India to help build 400-seater Parliamentary Chamber for Ghana
Ghana’s wish to have a new Parliamentary Chamber to accommodate more people could soon materialise, following the decision of the Indian government to extend its assistance in that regard.
The 400-seater capacity new chamber will replace the present 275-seater capacity chamber which was configured in 2013 to accommodate more Members of Parliament (MPs).
The Speaker of Parliament, Professor Mike Aaron Oquaye, told the Daily Graphic in an interview in India on the sidelines of the just-ended 12th Confederation of Indian Industries (CII) Exim Bank Conclave on India-Africa Partnership in India that an Indian construction firm, Shapoorji Pallonji, which built the Flagstaff House from 2006 to 2008, had already put a team of architects on site for feasibility studies.
The studies, he said, would allow the company to present a proposal and drawings of the new facility to the leadership of Parliament to be studied for a possible approval.
The team, Prof. Oquaye said, had already submitted a preliminary report to Parliament for study, while work on the full proposal and drawing were being worked on.
The facility, to be constructed at a cost of $200 million and situated behind the Speaker’s block, will also have a 400-seater capacity public gallery, side wings to accommodate other visitors, underground car parks, offices, a cafeteria for MPs and a museum of Parliament.
India has been supporting Ghana’s development by providing assistance in setting up projects through the provision of lines of credit and grants.
The Indian government has over the years supported the building of the India-Ghana Kofi Annan Centre of Excellence for ICT, the Flag Staff House and the Komenda Sugar Factory.
The old chamber has had its structural integrity questioned in recent times in the wake of a rainstorm in February this year which ripped off parts of the roofing, causing rainwater to leak into the chamber.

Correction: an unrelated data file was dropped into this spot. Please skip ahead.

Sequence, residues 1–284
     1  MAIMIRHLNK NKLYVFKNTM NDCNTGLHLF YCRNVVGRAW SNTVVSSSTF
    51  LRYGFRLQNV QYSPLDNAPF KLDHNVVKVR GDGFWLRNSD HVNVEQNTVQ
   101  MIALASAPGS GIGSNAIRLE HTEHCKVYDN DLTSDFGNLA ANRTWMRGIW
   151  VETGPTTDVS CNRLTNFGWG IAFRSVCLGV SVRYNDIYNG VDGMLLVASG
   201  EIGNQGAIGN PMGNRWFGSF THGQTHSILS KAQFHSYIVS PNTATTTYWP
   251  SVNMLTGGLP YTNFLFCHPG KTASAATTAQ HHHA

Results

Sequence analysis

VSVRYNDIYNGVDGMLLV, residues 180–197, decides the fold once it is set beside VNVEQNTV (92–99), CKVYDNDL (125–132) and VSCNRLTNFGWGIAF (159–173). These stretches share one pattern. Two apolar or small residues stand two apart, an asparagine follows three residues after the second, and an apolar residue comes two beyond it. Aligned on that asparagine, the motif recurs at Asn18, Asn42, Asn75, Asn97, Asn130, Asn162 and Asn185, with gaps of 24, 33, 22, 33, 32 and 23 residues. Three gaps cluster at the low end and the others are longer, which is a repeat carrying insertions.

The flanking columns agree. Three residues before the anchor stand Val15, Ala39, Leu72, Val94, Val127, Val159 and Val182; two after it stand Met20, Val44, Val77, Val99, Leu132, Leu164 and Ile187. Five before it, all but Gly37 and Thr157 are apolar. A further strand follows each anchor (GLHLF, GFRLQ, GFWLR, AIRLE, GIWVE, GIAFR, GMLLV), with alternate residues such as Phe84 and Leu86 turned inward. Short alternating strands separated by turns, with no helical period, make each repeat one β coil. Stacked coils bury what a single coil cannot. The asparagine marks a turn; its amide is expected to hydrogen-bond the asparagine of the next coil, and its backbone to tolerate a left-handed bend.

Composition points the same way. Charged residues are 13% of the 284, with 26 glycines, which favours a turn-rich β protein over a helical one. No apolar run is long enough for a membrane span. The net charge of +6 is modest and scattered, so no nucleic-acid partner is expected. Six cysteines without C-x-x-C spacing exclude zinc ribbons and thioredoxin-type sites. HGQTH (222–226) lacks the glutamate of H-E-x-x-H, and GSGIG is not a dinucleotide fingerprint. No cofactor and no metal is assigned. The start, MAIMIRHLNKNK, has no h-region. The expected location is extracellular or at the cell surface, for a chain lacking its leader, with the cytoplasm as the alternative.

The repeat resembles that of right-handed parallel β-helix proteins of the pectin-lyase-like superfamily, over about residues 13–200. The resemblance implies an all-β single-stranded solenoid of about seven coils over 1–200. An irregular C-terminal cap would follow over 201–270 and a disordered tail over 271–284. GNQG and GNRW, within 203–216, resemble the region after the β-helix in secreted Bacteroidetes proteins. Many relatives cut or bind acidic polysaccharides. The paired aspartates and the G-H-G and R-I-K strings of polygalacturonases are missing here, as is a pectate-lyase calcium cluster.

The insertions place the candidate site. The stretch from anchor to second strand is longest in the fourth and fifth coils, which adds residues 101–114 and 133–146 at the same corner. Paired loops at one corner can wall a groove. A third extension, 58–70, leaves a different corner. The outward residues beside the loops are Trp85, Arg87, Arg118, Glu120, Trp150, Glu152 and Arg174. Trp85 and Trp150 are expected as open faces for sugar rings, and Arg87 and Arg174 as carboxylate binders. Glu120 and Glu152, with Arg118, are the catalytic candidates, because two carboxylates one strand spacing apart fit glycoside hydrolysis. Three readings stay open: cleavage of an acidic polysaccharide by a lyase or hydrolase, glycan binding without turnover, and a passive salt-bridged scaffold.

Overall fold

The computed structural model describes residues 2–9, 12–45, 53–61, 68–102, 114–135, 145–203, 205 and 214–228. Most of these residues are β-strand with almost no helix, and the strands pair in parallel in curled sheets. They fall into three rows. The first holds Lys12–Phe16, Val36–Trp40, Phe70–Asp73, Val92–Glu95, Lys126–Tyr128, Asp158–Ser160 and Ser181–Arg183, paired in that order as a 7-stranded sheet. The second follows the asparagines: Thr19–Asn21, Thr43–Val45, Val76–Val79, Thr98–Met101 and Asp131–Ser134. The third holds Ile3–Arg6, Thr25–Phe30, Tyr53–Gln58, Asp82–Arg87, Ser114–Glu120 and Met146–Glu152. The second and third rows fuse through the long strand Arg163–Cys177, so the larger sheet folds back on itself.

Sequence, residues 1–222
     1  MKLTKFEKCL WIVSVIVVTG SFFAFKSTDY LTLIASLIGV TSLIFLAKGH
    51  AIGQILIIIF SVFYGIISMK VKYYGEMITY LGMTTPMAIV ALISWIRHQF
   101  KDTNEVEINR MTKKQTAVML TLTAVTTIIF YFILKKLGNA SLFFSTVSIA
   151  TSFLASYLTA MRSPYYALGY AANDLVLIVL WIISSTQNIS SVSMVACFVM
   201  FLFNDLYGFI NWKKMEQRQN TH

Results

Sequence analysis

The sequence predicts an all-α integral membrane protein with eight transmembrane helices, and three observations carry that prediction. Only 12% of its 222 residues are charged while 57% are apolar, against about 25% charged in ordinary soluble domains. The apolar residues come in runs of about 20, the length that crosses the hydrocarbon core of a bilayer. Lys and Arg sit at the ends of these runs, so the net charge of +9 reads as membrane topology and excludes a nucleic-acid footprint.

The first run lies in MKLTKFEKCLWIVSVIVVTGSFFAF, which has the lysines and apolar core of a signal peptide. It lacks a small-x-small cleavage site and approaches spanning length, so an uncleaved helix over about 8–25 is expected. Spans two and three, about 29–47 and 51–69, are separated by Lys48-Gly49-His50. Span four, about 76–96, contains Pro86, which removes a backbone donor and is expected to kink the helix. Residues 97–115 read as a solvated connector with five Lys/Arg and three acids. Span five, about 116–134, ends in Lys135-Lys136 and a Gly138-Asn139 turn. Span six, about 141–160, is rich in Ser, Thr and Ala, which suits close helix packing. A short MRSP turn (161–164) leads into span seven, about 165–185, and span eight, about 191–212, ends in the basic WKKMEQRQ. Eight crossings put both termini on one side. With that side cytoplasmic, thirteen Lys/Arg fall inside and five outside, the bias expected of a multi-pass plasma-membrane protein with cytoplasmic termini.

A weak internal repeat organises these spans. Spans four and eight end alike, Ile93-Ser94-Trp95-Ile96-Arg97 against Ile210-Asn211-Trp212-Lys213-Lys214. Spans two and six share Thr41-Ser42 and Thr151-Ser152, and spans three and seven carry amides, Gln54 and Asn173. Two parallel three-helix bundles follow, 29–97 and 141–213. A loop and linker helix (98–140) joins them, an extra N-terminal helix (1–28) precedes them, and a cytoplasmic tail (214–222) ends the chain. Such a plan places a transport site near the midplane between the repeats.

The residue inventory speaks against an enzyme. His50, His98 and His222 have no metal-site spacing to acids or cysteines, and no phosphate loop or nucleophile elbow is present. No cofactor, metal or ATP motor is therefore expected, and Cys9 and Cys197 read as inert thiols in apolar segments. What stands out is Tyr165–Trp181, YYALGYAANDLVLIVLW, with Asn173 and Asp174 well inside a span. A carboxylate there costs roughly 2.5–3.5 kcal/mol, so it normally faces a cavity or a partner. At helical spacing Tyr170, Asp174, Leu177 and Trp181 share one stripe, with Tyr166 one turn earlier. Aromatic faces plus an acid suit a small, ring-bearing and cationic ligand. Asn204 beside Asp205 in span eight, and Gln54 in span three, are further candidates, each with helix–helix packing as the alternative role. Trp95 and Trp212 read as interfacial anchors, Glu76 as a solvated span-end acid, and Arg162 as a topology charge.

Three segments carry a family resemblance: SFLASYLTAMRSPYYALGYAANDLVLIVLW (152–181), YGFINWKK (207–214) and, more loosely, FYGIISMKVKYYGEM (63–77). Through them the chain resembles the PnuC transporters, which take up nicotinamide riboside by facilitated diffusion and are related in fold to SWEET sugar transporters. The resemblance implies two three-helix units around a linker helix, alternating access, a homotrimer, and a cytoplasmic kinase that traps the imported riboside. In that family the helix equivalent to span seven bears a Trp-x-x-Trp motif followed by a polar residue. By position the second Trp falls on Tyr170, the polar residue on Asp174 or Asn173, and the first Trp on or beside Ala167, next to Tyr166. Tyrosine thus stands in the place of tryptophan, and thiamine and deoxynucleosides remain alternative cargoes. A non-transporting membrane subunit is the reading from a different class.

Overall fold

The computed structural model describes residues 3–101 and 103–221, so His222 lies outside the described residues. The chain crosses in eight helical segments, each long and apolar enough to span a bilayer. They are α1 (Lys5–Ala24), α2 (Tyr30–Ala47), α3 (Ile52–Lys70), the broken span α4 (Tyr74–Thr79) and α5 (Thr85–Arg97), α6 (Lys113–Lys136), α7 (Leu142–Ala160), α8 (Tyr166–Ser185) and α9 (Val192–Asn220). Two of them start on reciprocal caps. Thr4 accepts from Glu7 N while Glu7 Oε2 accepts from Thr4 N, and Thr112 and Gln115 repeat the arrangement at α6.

The situation which interrupted work flow saw the Vice-President, Dr Mahamadu Bawumia, announcing that the government would consider the possibility of building a new chamber for Parliament.
The new facility, Prof. Ocquaye suggested, would make way for the old chamber to be converted into a museum or archive to hold everything that has got to do with Ghana’s history and a parliamentary library which could serve academic institutions and people wishing to go into politics.
The museum, he added, would contain speeches of various Presidents who had ruled Ghana since independence, the books they used, among other relics.
“India today is poised towards helping with Ghana’s railway redevelopment which will accelerate our economic transformation,” the Speaker suggested.
“It is in this spirit of co-operation that we decided to solicit their assistance in the rebuilding of the Parliamentary Chamber which is monumental and will forever stand in appreciation of the good relationship between the two countries, and we have no doubt Ghana will forever be indebted to India if the project comes to fruition,” he stressed.
He encouraged Ghanaian businesses to endeavour to enter into joint ventures with Indian companies for the benefit of the two countries.
The exchange of business delegations between the two countries in recent years has led to an increase in investments by Indian companies in Ghana in the area of construction, manufacturing, trading, services and tourism and in areas such as steel, cement, plastics, pharmaceuticals; and these, Prof. Oquaye maintained, would go a long way to solidify co-operations between Ghana and India.